Montessori Notes

My mother was my Montessori teacher. In addition to these notes, i have reported on these books: Montessori Revolution,  Absorbent Mind, and  Secret of Childhood. – Drogo

American Montessori Society Bulletin  1979 – vol.17, No.1

Piaget and Montessori In The Classroom – by David Elkind, Tufts University

“Classroom practice, of whatever variety, presupposes a particular conception of the child. In this chapter, four components of Piaget’s and Montessori’s conception of the child are described, together with examples of the sort of educational practice that follows from them.”

Elkind goes on to explain 2 different methods of teaching, by referencing 2 different classrooms where children were using the ‘pink tower’ blocks incorrectly. In one case the teacher corrected the children, and in the other they allowed the play. In theory, he said, both are justified.

Child as capable of self-regulation – learning materials tap mental potential

Child as a cognitive alien – they think different than adults, like foreigners

Child as a logical thinker – young people use logic to make decisions

Child as emotional countryman – they have adult emotions that affect behavior

Summary

The first task of the teacher is to observe children, then let that inform how you teach them. It is the teacher’s conception of the child, which in the end, determines the nature of the teacher-child affective interaction using specific methods and techniques. Do not assume what children know or understand, because everyone is different in their awareness, development, and rationality. Respect for children is important, so that they can begin to emulate respect for teachers, others, and themselves. Teaching should be guided by these factors.

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Children Learn in Different Ways

Proceedings, American Montessori Society

1975, Granby Colorado

Learning As Creation, by John Bremer

Child Development, by J.M. Hunt

Montessori Day Care Panel

Kephart Development Model, by Nancy Miles

Gellner Rationale of Learning Disabilities, by Ward and Haise

Organizations Serving Young Children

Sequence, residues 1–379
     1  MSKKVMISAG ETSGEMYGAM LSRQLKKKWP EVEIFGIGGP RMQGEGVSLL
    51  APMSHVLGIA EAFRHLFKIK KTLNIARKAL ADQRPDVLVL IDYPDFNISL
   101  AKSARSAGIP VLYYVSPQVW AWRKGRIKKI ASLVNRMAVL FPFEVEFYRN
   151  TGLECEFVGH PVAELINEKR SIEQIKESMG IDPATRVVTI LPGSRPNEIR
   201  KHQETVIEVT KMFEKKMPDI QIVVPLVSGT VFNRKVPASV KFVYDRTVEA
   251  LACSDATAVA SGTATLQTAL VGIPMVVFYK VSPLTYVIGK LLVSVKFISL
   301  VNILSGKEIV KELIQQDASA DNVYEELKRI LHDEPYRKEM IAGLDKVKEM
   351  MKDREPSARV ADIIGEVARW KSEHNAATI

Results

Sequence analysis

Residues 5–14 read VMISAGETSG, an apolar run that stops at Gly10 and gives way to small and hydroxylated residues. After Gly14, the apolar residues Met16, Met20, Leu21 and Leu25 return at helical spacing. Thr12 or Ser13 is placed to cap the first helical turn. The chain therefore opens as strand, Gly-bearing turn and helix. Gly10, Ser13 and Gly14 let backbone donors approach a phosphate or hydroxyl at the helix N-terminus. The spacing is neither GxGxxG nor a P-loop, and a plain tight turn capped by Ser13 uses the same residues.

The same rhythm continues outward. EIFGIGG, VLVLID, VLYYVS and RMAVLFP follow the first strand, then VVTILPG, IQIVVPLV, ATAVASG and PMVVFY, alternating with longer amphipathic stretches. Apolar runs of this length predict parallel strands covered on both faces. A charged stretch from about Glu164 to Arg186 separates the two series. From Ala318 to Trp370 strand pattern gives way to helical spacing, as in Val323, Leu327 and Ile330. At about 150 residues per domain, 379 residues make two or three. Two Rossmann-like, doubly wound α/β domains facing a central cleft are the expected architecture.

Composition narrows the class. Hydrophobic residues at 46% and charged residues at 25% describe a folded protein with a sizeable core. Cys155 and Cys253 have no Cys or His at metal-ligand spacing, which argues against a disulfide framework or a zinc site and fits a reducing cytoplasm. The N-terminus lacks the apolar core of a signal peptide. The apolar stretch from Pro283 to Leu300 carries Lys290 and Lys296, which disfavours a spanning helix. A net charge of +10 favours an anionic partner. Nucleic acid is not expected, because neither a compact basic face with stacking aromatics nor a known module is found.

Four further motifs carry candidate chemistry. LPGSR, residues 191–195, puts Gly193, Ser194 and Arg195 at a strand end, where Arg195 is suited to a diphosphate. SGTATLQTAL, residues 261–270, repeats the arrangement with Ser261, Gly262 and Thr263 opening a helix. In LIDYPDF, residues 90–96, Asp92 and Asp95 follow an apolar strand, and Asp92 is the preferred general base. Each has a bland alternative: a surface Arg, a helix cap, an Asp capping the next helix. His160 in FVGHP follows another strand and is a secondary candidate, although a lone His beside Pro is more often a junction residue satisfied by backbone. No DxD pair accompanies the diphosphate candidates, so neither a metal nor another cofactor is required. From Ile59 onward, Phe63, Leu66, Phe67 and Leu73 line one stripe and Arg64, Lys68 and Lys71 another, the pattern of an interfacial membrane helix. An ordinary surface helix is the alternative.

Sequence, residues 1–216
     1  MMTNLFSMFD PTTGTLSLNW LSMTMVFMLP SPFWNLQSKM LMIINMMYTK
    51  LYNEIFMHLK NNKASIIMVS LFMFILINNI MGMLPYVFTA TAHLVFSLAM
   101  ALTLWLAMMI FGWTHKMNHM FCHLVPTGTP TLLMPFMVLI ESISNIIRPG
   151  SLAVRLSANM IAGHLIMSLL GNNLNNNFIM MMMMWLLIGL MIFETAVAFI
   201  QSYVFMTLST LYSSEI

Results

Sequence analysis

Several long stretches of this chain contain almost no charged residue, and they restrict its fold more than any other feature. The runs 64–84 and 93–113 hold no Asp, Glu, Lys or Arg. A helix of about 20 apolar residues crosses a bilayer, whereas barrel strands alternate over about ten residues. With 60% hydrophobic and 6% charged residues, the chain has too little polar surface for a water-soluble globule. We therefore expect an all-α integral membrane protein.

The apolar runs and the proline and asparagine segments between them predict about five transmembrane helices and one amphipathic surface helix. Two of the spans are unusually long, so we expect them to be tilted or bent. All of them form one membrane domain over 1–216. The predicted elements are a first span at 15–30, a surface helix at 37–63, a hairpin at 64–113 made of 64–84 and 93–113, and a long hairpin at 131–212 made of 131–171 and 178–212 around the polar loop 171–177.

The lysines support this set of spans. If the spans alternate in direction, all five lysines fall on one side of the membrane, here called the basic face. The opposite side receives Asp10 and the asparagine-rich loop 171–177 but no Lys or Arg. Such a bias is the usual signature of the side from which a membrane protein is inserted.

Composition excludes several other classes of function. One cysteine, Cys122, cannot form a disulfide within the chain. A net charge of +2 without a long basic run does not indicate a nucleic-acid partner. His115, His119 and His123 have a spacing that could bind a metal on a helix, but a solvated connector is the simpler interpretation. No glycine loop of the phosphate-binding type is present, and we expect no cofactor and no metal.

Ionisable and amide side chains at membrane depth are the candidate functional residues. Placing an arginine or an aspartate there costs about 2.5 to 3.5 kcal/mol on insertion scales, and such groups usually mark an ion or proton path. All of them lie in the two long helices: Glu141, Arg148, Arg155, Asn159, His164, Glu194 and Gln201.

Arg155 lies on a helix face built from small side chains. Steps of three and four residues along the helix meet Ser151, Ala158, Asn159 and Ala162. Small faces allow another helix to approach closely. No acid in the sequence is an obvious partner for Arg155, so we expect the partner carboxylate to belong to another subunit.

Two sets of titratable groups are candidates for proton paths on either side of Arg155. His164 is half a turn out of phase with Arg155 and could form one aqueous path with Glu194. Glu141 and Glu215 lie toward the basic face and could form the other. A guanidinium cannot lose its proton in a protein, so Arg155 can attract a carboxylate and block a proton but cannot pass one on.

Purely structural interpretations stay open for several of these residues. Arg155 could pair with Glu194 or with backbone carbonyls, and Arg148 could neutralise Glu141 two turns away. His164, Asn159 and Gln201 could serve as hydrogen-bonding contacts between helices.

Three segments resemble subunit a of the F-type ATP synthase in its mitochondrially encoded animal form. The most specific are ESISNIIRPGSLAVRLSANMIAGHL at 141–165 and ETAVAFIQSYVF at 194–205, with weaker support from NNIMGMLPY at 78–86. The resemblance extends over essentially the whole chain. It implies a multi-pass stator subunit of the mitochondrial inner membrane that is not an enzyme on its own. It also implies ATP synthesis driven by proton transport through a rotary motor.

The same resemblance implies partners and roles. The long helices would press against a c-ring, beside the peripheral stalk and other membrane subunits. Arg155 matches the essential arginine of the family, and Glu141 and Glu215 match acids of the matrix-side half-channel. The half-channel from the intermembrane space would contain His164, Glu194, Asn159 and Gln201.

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Learning As Creation, by John Bremer

Dr. John Bremer founded ‘School-Without-Walls’, Parkway Program, Cambridge

Bremer starts off with a joke about how he once stood up in front of people, and his pants did not. He says “as long as you’ll remember my pajama bottoms all the way through, then I guess I won’t feel too embarrassed about what I say.” Then he proposes a role for the student, as an artist. The artist should understand ‘three essential elements’: material, ideal, and skill. Bremer says that ‘temporal arts’ have a strong presence in time. Songs, music, and dance are temporal arts; you do not “see it before yours eyes as a totally finished thing. You experience it through time.” Temporal arts are more of a ‘process’, than they are an complete object. Bremer says that human beings are more dancers than sculptors, in how they live their lives. “Everything is a rehearsal, and yet everything is the only performance we will ever give. In that way it is incredibly beautiful and also incredibly frightening.” Students should be considered with the humane respect that we might give an adult artist; they are people. He considers the term ‘student’ to be almost equal to ‘artist’. Student = Artist. Teaching means introducing the student to materials, ideals, and skills. School is an activity, not a place; but the structure of a building does matter, as architecture affects learning. Psychological disposition is inherent in education, we all have our own ways or styles of teaching and learning. The student should ‘recreate the wheel’ to be the master of technology, rather that its slave. Also moral responsibility should be introduced by the teacher, so they do not create a ‘Frankenstein’ situation. One way of introducing morality, is to create community, as a bridge between society and individuals. Community to him meant people coming together and cooperatively carrying out common purposes. “We will never all be dancing, we will never all be still.” We dance with others to share love and friendship.

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Child Development, by J.M. Hunt

Dr. Hunt, Professor Emeritus of Psychology from University of Illinois

Plasticity is important in early psychological development. Intelligence should no longer be limited by predetermined training, but be allowed to expand and flourish with imaginative experiences. Education is important in the process of learning rules, and but to also think beyond the ‘box’. Piaget described the sensory motory phase as a kind of ‘shell game’. The child develops in progressive sequences, or steps.